TABLE 1.4 Percentage of respondents per sociodemographic group that would always turn out for the regional elections if compulsory voting were abolished by region

2009 2019

Flanders Wallonia Flanders Wallonia

Gender Male 48.0 49.1 59.9 55.4Female 41.1** 47.9 (ns) 51.6*** 48.8*

Education Low 32.0 39.5 46.9 30.5Middle 41.5 46.4 49.0 47.2High 60.1*** 61.5*** 64.9*** 60.7***

Age 18–34 39.1 44.7 47.6 47.435–55 47.2 48.1 49.6 49.855+ 45.7 (ns) 51.5 (ns) 64.3*** 58.8**

Sign.: ***p = 0.001; **p = 0.01; *p = 0.05.

Source: Own calculations based on Partirep (2009) and Walgrave et al. (2020).

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22 Didier Caluwaerts, Sophie Devillers, Nino Junius et al.

representative claims of the system would be undermined. Since the outcomes of the elections do not necessarily represent the preferences of the voters, government cannot claim to represent the will of the population, which once again leads to a lack of input legitimacy.

The results in Tables 1.5 and 1.6 support the assumption that the aboli-tion of CV would lead to partisan effects. A first finding is that many of the respondents who voted blanc or invalid would stay at home. These are usually the politically uninterested and cynical voters, and especially in 2019, we wit-ness strong effects with over two-thirds of the blanc voters dropping out. Most strikingly, in Wallonia in 2019, the vote share of blanc/invalid voters would drop by more than 12 percentage points, which could lead to a fundamental redistribution of seats in parliament. This suggests that – in line with political discourse on CV since the 1990s – dropout would be highest among the polit-ically disengaged.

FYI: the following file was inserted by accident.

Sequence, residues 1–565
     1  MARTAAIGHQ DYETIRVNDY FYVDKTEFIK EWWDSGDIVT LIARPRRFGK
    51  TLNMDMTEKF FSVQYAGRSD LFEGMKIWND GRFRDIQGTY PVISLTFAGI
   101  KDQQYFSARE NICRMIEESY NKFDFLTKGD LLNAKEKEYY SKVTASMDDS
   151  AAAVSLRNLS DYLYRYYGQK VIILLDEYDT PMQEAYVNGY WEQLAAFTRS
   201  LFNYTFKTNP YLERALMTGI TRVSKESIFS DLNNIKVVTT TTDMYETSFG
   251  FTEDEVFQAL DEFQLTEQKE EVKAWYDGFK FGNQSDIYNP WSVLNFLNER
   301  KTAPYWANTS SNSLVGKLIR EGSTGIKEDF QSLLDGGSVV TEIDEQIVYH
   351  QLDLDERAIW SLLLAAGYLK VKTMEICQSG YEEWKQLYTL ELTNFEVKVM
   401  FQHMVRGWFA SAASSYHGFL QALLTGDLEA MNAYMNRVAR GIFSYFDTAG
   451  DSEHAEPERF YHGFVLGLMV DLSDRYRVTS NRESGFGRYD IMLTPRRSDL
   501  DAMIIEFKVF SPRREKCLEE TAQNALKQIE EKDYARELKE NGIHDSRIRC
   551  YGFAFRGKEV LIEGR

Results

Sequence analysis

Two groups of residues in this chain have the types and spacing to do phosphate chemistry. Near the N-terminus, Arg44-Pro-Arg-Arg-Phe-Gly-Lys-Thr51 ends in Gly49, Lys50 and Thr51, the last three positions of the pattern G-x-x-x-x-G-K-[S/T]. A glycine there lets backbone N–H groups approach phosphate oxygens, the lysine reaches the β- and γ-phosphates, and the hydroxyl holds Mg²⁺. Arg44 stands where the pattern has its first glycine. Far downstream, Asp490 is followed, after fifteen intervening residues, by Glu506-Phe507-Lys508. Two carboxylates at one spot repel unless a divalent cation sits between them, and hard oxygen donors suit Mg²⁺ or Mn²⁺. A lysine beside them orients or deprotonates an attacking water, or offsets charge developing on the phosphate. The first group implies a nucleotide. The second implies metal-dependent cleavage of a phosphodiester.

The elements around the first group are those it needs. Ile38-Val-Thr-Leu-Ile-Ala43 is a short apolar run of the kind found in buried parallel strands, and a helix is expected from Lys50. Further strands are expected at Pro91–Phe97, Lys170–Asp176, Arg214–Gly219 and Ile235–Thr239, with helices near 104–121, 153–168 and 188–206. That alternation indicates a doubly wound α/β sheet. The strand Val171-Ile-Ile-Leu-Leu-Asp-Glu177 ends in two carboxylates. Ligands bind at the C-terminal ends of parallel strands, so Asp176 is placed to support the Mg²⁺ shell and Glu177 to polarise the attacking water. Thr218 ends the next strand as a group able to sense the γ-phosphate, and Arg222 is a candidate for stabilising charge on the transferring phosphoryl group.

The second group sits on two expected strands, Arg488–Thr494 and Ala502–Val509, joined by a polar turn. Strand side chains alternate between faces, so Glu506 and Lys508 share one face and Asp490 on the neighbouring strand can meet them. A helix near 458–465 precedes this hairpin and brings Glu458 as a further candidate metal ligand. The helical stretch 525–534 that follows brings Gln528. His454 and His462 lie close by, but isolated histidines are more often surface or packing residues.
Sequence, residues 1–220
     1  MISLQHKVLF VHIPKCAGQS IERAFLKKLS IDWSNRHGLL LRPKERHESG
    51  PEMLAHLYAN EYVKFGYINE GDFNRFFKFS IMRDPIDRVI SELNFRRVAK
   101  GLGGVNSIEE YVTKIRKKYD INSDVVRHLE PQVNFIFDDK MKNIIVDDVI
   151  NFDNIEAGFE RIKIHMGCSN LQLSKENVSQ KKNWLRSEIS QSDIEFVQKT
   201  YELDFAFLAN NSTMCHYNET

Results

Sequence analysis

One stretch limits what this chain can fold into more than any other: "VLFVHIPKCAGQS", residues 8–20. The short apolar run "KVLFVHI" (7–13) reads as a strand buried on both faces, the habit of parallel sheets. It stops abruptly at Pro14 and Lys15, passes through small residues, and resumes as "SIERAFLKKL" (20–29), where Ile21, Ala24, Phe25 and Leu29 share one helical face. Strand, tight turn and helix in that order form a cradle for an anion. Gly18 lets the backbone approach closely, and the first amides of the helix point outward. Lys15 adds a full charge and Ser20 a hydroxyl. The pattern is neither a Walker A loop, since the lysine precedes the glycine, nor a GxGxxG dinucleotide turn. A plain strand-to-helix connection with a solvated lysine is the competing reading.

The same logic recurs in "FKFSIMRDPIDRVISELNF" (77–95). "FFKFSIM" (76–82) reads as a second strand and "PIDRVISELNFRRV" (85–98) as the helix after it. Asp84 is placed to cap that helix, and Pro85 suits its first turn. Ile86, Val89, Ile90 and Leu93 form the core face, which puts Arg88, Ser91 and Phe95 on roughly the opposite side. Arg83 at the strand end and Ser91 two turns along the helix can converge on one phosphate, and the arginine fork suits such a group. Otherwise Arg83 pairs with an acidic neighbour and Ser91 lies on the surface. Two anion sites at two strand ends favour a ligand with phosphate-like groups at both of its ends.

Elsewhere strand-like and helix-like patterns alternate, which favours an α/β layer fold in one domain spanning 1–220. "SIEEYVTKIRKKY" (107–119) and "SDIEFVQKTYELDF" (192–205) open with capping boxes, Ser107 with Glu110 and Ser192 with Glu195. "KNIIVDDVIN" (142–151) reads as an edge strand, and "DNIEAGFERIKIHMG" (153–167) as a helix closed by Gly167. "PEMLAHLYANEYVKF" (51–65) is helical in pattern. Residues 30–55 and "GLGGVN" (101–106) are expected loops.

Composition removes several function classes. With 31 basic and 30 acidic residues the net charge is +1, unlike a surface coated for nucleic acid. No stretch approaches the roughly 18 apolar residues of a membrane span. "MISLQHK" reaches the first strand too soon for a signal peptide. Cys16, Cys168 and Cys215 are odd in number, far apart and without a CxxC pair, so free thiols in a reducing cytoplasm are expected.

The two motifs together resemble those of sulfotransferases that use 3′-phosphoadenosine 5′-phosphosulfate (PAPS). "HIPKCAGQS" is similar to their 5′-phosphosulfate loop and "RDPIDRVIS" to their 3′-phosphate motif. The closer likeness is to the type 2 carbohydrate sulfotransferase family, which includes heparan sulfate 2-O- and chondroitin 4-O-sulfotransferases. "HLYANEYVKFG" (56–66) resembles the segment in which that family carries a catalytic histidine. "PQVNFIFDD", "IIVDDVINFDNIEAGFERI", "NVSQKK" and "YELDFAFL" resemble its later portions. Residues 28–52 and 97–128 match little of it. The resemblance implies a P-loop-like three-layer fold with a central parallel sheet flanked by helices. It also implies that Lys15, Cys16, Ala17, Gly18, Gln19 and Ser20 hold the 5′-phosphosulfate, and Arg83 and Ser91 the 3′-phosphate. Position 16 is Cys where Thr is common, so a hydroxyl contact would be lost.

A second finding is that the overall partisan effects are concentrated in a limited number of parties. Based on the survey results, we can conclude that in Flanders the Flemish Nationalist party N-VA would stand to gain from abolition of CV, and that the right-wing populist party Vlaams Belang would lose some support. The results are sufficiently strong to cause a redistribution

TABLE 1.5 Difference in electoral outcome for each political party in the 2009 and the 2019 election (Flanders)

2009 2019

Regional elections Federal elections Regional elections

With CV

Without CV Diff.a

With CV

Without CV Diff.

With CV

Without CV Diff.

N-VA 16.6 20.5 3.9 26.3 30.7 4.4 26.5 31.9 5.4CD&V 28.1 28.2 0.1 10.2 11.3 1.1 10.4 11.3 0.9Open VLD